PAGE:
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Disabled sub under tow,


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OTTAWA - HMCS Chicoutimi was under tow Thursday, with rescuers racing to get the disabled sub and its crew to safety before the onset of more bad weather.

Skies cleared enough for a Royal Navy tug to hook the submarine with a cable and begin dragging it toward the British military base it had left earlier this week.

Six-metre seas and 60-kilometre winds have hampered rescue efforts since the boat lost power after a fire on Tuesday.

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Sub rescuers battle strong tides

The stricken Canadian submarine HMCS Chicoutimi is being towed back to the Scottish coast, three days after a fire knocked out its power.

The salvage vessel Anglian Prince began towing the sub, which was adrift 140km off the coast of Ireland, on Thursday night and is due back early next week.

But strong tides mean it could be three days before the vessel reaches shore.

One crew member died from injuries sustained from the fire and another is critically ill.

Lieutenant Chris Saunders was the only fatality of the blaze.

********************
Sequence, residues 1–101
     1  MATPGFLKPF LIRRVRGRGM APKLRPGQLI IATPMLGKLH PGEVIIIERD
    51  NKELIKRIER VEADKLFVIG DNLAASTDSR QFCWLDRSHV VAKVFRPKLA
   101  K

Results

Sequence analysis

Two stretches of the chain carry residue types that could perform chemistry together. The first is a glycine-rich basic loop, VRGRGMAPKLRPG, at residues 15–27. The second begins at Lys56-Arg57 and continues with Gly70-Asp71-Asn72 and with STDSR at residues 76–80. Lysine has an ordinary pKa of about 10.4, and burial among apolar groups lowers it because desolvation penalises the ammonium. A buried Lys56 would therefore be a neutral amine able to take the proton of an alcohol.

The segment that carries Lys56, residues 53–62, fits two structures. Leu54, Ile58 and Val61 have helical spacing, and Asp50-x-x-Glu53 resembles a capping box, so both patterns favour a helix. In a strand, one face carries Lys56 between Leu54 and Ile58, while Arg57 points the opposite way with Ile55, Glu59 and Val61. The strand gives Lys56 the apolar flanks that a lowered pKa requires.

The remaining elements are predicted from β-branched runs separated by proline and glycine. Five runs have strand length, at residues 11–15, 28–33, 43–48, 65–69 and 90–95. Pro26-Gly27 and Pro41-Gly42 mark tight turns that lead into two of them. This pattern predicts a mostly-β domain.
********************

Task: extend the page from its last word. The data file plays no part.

Canadian Prime Minister Paul Martin delayed a visit to Russia, France and Hungary by 48 hours in order to attend the return home of the crew member's remains.

Master Seaman Archibald MacMaster is critically ill in Sligo General Hospital in the Irish Republic and Petty Officer Denis Lafleur is said to be in a stable condition.

The vessel is heading towards the Clyde area at a speed of three knots but its final destination has not been confirmed.

Another possible destination is Barrow-in-Furness, in Cumbria, where the submarine was built in 1983.

HMCS Chicoutimi, once the property of the Royal Navy, was handed over at Faslane on Saturday.

But on Tuesday, as it headed back to Nova Scotia, a fire broke out on board, seriously injuring three crewmen.

Another 54 crew members are still on the submarine, which is said to have become more stable since towing began.

Lieutenant Commander Peter Twomey, of the LE Aoife which is on standby to help the operation, said they were making steady, but slow progress.

He said: "There are strong tides on the north coast, so it's [likely to take] something like two and a half or three days."

A Canadian patrol frigate, HMCS St John's, is on its way and is expected to arrive on Sunday to provide logistic and moral support for the crew.

Royal Navy frigates HMS Montrose and HMS Marlborough and the Royal Fleet Auxiliary's Wave Knight and Argus vessels are at the scene, along with two tugs - the Anglian Prince and the Carolyn Chouest.

The fire damaged the submarine's electrical distribution system and switchboard - although steering has been restored.

Commander Andy Webb of HMS Montrose said the final port had yet to be decided but they were headed towards the Clyde area.

"At the moment our aim is to take the submarine into sheltered waters," he told the BBC.

"The crew are tired, but in good spirits. We managed to get some hot food and hot drinks across to them.